Categories: Space

A Two-Minute Tour of Ultra-Compact Dwarf Galaxy M60-UCD1

This two minute NASA video details M60-UCD1, an ultra-compact dwarf galaxy with a mass about 200 million times that of our sun.

Two-Minute Tour: An Ultra-Compact Dwarf Galaxy

Astronomers may have discovered the densest galaxy in the nearby Universe. The galaxy, known as M60-UCD1, is located about 54 million light years from Earth. M60-UCD1 is packed with an extraordinary number of stars and this has led scientists to classify it as an “ultra-compact dwarf galaxy.” This means that this galaxy is smaller and has more stars than just a regular dwarf galaxy. While astronomers already knew this, it wasn’t until these latest results from Chandra, Hubble and telescopes on the ground that they knew just how dense this galaxy truly is.

M60-UCD1 has the mass about 200 million times our sun and, remarkably, about half of this mass is packed into a radius of just about 80 light years. That translates into the density of stars in this part of M60-UCD1 being about 15,000 times greater than what’s found in Earth’s neighborhood in the Milky Way. Astronomers have been trying to determine where these ultra-compact dwarf galaxies fit into the galactic evolutionary chain. Some have suggested they start off not as galaxies but as giant star clusters.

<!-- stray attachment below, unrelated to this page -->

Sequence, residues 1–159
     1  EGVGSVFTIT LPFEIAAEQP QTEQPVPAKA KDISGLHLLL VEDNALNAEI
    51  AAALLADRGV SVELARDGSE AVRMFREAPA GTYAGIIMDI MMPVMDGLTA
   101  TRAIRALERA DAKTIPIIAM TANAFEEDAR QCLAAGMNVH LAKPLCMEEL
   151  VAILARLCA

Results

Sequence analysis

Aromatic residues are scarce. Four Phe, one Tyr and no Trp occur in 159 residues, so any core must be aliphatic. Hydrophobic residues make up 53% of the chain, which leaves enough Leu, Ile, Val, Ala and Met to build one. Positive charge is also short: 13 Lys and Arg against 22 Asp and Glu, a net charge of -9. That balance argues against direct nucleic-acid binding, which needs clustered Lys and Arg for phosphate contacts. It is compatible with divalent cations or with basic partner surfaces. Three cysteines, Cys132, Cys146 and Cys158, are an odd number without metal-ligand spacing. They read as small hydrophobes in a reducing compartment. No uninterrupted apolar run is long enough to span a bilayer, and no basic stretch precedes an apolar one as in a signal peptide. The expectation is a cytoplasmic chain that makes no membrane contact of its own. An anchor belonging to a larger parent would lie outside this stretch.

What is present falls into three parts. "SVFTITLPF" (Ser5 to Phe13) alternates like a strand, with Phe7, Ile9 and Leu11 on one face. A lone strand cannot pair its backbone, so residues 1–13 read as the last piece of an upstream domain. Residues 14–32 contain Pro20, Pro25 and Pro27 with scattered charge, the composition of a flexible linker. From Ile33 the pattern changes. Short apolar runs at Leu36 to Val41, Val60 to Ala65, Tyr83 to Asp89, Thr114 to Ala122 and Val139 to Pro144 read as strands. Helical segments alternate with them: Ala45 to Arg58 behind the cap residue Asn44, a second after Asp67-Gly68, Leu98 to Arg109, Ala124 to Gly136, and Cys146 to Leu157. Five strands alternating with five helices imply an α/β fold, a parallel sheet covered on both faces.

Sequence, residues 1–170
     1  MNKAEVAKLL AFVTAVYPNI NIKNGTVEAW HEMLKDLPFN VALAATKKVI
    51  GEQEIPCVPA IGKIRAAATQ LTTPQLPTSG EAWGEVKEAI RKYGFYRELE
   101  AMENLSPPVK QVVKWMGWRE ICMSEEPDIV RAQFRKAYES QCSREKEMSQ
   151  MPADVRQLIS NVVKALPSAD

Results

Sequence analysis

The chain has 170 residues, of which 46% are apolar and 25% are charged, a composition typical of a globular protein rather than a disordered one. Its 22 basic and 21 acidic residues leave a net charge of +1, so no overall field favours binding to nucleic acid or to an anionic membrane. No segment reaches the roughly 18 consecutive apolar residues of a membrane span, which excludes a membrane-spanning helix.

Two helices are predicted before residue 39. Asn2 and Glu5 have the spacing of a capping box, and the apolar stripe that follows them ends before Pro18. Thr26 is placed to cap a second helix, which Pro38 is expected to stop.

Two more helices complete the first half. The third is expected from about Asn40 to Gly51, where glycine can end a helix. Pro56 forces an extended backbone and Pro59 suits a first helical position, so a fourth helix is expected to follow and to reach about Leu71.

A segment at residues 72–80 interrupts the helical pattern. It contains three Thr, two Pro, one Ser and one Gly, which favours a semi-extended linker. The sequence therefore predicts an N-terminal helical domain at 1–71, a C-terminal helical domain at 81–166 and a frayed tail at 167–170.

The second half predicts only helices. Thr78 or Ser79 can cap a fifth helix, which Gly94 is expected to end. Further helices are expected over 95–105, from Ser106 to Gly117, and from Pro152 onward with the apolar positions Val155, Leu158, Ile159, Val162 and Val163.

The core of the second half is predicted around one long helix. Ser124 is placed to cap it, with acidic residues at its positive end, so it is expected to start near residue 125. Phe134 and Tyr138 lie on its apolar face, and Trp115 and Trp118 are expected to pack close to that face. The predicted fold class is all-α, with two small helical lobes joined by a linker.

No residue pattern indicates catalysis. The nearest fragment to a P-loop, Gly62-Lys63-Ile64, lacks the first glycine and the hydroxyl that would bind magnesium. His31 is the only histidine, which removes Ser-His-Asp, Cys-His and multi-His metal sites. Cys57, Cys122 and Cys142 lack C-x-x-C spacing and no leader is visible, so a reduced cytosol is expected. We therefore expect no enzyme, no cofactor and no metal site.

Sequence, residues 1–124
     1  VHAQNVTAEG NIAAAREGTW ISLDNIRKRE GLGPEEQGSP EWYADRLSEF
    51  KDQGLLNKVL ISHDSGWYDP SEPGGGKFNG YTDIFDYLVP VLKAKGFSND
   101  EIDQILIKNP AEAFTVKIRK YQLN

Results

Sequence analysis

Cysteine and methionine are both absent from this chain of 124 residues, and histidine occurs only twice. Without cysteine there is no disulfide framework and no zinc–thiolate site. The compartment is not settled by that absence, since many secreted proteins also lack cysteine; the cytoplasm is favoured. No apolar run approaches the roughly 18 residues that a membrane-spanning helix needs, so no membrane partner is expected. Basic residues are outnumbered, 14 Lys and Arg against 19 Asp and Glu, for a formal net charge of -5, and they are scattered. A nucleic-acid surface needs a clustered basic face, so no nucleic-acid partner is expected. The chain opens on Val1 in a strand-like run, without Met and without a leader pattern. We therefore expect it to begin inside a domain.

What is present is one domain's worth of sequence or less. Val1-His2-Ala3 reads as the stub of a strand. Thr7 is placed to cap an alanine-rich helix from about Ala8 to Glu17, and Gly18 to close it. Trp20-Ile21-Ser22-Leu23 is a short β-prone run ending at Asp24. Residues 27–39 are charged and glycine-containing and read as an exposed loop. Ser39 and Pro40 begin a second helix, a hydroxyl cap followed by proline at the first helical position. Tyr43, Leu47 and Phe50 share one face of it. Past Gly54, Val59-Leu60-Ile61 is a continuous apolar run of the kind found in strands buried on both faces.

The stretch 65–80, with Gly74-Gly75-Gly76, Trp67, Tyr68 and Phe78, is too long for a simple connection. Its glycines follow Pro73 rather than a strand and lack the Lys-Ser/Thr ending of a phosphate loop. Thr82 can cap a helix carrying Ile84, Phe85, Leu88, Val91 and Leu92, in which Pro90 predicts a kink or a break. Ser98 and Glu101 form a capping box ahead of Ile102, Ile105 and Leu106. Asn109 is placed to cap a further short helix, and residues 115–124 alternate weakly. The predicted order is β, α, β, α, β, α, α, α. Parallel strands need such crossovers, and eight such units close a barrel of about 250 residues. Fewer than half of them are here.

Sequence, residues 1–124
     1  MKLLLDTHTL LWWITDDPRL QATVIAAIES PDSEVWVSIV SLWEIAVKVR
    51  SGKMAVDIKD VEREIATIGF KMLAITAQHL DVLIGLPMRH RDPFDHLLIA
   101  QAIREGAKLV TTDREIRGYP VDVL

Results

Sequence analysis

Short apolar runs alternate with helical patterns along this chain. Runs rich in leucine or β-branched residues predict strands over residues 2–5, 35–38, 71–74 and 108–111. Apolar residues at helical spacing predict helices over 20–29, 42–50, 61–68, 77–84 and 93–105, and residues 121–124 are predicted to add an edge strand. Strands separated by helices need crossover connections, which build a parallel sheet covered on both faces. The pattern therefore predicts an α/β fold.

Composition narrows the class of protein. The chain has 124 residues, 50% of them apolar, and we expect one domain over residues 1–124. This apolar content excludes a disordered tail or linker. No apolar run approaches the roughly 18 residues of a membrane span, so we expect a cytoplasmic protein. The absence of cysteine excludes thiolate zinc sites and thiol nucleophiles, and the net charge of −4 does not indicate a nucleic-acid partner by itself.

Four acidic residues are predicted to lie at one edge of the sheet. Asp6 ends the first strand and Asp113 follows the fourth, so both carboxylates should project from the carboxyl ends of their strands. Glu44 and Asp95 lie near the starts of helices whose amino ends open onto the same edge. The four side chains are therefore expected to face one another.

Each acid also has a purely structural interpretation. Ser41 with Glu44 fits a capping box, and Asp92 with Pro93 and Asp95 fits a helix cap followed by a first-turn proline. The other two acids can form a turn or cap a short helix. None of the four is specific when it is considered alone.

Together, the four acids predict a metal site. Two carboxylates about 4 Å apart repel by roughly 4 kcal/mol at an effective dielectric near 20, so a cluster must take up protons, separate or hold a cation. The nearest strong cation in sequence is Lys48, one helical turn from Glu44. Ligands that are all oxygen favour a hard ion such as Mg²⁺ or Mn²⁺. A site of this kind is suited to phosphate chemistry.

The latest results on M60-UCD1 challenge that idea. The new Chandra data indicate that there may be a supermassive black hole at the center of M60-UCD1. If that’s the case, then it’s unlikely this object could have ever been a star cluster. Instead, the X-ray data point to this galaxy being the remnants of a larger galaxy that had its outer stars ripped away by tidal forces, leaving behind the dense inner core of the galaxy. Other information about M60-UCD1 including its large mass, point to the same conclusion. Regardless, this galaxy is a fascinating object that astronomers will be studying for a long time to come.

Image: X-ray: NASA/CXC/MSU/J.Strader et al, Optical: NASA/STScI

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  • We have globular clusters, loose clusters and now dense ultra-compact dwarf galaxies in that order correct?

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NASA/CXC/A. Hobart

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